|Journal of Integer Sequences, Vol. 2 (1999), Article 99.1.5|
Washington, DC 20059
Email address: firstname.lastname@example.org
Abstract: In the "tennis ball" problem we are given successive pairs of balls numbered (1,2), (3,4),... At each stage we throw one ball out of the window. After n stages some set of n balls is on the lawn. We find a generating function and a closed formula for the sequence 3,23,131,664,3166,14545,65187,287060,1247690,..., the n-th term of which gives the sum over all possible arrangements of the total of the numbers on the balls on the lawn. The problem has connections with "bicolored Motzkin paths" and the ballot problem.
We will find both a generating function and a closed formula for this sequence. First we return to the first question and transform it to a question about paths.
Such paths are called bicolored Motzkin paths (see ). If there had been only one kind of level step and the paths ended on the x-axis we would have regular Motzkin paths (see ,, or  for more information on Motzkin paths and Motzkin numbers).
Let be the number of possible paths that end at . Here is a table of small values
We can make three observations. One is that with the four kinds of steps we get the recursion
This holds for if we specify that and . Both conditions make sense in terms of these paths.
Secondly we have
Given the recursion, this is easily established by induction.
Thirdly the Catalan number (see  and  for different proofs).
Now we return to the balls on the lawn after turns. Let us look at a typical example after 6 turns.
The balls on the lawn are denoted by "". As we read from left to right one pair at a time, we must always have as many or more pairs with both balls selected as with no balls selected with equality at the end. If both balls are selected mark the pair with a U, if neither is selected mark with a D, if the odd member is the one selected use an L, if the even number was selected then use an l. This sets up an obvious correspondence with the bicolored Motzkin paths ending at height zero and this shows that the number of possibilities after n turns is the Catalan number Cn+1.
We now want to shift back to subdiagonal paths from to using unit east and north steps. If we number the steps along each such path starting at the origin using the numbers to 2n+1, then the numbers of the horizontal steps correspond to the numbers of the balls on the lawn except that we ignore the initial horizontal step numbered 0. All subdiagonal paths must go from to at the first step so let us look on as our starting point and as the terminal point. We then look at steps in pairs to set up a correspondence with bicolored Motzkin paths
To evaluate the sum over all possible sets of balls on the lawn takes a bit more doing and its worthwhile to separate out some definitions and lemmas first.
The following lemmas can be proved combinatorially but instead we refer to Concrete Mathematics , page 203, formulas and for the first two lemmas and leave the others as exercises.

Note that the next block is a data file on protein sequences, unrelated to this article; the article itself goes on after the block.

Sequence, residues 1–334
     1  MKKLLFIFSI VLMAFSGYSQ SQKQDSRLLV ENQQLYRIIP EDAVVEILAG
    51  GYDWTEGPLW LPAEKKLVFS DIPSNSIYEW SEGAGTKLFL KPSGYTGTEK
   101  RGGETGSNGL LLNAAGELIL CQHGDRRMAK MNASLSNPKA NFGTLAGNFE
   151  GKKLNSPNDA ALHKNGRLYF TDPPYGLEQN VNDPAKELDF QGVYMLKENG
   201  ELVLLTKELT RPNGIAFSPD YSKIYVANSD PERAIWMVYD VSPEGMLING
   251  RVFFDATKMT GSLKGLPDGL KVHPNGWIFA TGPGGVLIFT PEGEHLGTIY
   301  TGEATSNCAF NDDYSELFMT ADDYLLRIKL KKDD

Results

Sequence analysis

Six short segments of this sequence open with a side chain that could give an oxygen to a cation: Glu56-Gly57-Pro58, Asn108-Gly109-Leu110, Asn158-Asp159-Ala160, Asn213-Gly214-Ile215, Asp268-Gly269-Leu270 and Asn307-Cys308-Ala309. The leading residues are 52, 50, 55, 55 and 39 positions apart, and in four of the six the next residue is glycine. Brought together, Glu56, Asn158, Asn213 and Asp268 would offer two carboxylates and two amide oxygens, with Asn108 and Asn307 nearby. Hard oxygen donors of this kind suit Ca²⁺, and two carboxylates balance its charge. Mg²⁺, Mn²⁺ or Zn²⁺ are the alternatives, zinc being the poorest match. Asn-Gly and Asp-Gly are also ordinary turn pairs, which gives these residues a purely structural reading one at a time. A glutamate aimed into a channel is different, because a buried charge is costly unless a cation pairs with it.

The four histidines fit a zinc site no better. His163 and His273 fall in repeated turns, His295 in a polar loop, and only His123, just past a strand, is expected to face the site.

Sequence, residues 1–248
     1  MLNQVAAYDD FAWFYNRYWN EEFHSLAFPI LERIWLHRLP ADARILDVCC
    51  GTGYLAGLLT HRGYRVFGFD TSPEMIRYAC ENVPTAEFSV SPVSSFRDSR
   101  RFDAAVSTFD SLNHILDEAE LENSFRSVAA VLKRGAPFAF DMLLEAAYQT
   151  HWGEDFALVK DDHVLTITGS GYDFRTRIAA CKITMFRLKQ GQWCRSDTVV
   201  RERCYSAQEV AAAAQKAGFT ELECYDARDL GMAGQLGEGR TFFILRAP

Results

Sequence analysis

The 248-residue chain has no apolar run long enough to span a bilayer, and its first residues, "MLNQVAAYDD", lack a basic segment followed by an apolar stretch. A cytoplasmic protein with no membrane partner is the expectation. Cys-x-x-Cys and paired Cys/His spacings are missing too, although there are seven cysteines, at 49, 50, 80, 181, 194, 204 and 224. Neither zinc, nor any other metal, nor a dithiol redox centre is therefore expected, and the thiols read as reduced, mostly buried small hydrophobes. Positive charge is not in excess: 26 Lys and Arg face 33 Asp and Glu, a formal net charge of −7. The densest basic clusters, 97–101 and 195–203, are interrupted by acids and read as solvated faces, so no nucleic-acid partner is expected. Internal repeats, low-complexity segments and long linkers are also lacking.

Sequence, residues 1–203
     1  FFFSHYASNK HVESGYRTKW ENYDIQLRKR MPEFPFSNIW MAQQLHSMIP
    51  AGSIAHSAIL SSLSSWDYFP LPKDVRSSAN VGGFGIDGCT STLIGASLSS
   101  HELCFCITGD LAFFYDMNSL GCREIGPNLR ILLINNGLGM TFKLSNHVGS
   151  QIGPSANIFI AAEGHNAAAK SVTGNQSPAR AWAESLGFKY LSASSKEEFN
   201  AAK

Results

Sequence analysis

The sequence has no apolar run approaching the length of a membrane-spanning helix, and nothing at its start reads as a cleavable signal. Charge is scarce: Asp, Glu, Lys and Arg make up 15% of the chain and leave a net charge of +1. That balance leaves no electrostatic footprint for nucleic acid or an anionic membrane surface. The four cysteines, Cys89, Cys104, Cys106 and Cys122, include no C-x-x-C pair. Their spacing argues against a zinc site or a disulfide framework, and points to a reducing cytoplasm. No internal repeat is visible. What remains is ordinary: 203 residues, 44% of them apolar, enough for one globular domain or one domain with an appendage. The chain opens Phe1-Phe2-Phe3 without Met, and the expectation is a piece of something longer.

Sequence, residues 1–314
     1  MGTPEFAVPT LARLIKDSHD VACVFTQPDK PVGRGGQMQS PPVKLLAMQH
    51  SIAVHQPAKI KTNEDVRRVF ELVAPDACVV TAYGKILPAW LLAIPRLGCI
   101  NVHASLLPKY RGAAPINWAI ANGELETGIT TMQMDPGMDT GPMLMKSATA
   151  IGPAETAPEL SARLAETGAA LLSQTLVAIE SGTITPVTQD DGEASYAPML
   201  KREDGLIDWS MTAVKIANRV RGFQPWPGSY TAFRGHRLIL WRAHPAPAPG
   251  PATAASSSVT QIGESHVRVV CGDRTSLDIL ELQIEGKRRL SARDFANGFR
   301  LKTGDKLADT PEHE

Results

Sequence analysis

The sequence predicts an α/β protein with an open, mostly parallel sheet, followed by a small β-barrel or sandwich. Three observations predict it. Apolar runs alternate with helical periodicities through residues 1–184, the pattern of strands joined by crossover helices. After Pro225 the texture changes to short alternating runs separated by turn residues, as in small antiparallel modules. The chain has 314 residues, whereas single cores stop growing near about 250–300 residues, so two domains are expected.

The number of subdiagonal paths from to will be denoted and
This is the cornerstone result about ballot numbers and a reference which summarizes this and much of the related literature is.
We now want to embark on the main computation. Note first that
Before launching into the evaluation lets look at each term. There are paths from to and paths from to .What does it mean for a path to have arrived at ? Of the balls , i-1 of them are on the lawn and j of them are to stay in the room. The horizontal step indicates that ball number i+j is to be on the lawn and hence the term .By Lemma 7 we then get
We want to find a closed form for the generating function
If we set n=m+i and then i=j+d we obtain
We sum on m first; then invoke Lemma 2.
By rewriting 2j+d=2j+d+1-1 we get where
However, with the aid of Lemmas 3 and 4, we obtain
For the second term we have, via Lemmas 2 and 4,
The first and third of these remarks can be shown by routine algebraic manipulations and the second follows from the first as follows:
since Q2=1-4z. But while .Thus extracting nth terms yields
Two other remarks can be made here. First, an asymptotic result,
Second, the expected value of the balls on the lawn is if we assume each available ball is equally likely to be picked at each turn.
Problem 19(s) of reference  is succinct but less colorful. It asks one to show that the Catalan numbers count sequences of positive integers such that and .The references there point out a connection with an indexing of the weights of the fundamental representation of the symplectic group .
The problem was brought to our attention by Ralph Grimaldi, see , who refers to the logic text  where it is pointed out that after an infinite number of turns the balls remaining in the room can be either the empty set, a finite set of arbitrary size or even an infinite set such as all the even numbered balls.
Received July 17, 1998; revised version received Jan 13, 1999. Published in Journal of Integer Sequences March 15, 1999.